Full-waveform Inversion of Crosshole GPR Data Collected in Strongly Heterogeneous Chalk: Challenges and Pitfalls

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Chalk is an important reservoir rock for hydrocarbons and for groundwater resources for many major cities. Therefore, this rock type has been extensively investigated using both geological and geophysical methods. Many applications of crosshole GPR tomography rely on the ray approximation and corresponding inversions of first break traveltimes and/or maximum first-cycle amplitudes. Due to the inherent limitations associated with
such approaches, the resulting models tend to be overly smooth and cannot adequately capture the small-scale heterogeneities. In contrast, the full-waveform inversion uses all the information contained in the data and is able to provide significantly improved images. Here, we apply full-waveform inversion to crosshole GPR data to image strong heterogeneity of the chalk related to changes in lithology and porosity.

We have collected a crosshole tomography dataset in an old chalk quarry in Eastern Denmark. Based on core data (including plug samples and televiewer logging data) collected in our four ~15-m-deep boreholes and
results from previous related studies, it is apparent that the studied chalk is strongly heterogeneous. The upper ~7 m consist of variable coarse-grained chalk layers with numerous flint nodules. The lower half of the studied section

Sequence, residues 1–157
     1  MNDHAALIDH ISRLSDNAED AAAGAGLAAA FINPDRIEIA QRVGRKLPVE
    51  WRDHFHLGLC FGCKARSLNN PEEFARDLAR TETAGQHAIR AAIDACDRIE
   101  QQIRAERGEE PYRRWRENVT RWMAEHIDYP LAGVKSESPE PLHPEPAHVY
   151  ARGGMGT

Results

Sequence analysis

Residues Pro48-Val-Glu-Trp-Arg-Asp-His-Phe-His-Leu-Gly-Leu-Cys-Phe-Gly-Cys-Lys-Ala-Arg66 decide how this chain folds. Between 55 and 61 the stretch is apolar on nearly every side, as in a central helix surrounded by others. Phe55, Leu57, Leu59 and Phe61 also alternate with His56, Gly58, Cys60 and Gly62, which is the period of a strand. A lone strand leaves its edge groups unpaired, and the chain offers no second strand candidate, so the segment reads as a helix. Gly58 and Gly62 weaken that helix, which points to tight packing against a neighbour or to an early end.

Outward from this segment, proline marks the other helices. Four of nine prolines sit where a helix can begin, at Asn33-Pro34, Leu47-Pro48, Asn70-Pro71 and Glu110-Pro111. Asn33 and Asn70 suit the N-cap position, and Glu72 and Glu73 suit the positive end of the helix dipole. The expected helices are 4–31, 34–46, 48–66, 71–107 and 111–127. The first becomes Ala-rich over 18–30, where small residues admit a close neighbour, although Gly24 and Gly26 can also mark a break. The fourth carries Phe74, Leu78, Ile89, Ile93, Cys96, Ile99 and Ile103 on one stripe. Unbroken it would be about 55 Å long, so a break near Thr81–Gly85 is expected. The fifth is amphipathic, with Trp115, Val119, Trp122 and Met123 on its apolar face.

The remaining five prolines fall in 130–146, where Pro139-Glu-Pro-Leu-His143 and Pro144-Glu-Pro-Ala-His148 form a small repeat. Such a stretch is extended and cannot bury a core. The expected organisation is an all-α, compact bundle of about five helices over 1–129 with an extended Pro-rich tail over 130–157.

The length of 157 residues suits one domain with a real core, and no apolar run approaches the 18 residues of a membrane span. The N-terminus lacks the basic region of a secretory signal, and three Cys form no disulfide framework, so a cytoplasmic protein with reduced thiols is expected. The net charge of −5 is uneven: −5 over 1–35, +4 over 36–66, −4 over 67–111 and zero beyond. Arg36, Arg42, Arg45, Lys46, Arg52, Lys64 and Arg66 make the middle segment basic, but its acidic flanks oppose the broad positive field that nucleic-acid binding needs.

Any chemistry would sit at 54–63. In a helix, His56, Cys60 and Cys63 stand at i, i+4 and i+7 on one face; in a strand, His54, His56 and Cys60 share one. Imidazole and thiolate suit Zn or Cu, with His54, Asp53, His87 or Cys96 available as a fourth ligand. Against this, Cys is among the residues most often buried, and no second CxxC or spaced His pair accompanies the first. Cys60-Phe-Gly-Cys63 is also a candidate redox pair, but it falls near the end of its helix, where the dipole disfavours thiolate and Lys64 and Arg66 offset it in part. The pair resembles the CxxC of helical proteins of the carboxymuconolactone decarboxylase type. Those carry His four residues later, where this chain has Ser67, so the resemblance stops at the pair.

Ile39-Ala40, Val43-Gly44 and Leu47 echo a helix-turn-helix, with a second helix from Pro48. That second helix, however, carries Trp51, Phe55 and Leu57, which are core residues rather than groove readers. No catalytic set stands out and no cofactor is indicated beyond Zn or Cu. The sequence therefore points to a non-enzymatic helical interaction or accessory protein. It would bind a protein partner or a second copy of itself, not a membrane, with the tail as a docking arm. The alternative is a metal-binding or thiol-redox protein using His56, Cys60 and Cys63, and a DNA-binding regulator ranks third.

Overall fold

appears to be finer-grained and contains less flint. However, still significant porosity variations are also detected in the lower half. In general, the water-saturated (watertable depth ~2 m) chalk is characterized by high porosities,
and thus low velocities and high attenuation, while the flint is essentially non-porous and has correspondingly high velocities and low attenuation. Together these characteristics form a strongly heterogeneous medium, which
is challenging for the full-waveform inversion to recover. Here, we address the importance of (i) adequate starting models, both in terms of the dielectric permittivity and the electrical conductivity, (ii) the estimation of the source
wavelet, (iii) and the effects of data sampling density when imaging this rock type. Moreover, we discuss the resolution of the bedding recovered by the full-waveform approach. Our results show that with proper estimates
of the above-mentioned prior parameters, crosshole GPR full-waveform tomography provides high-resolution images capturing a high degree of variability that standard methods cannot resolve in chalk. This in turn makes
crosshole full-waveform inversion a promising tool to support time-lapse flow modelling.
Original languageEnglish
Article numberEGU2015-14581
JournalGeophysical Research Abstracts
Publication statusPublished - 2015
EventEGU General Assembly 2015 - Wien, Austria
Duration: 12 Apr 201517 Apr 2015


ConferenceEGU General Assembly 2015

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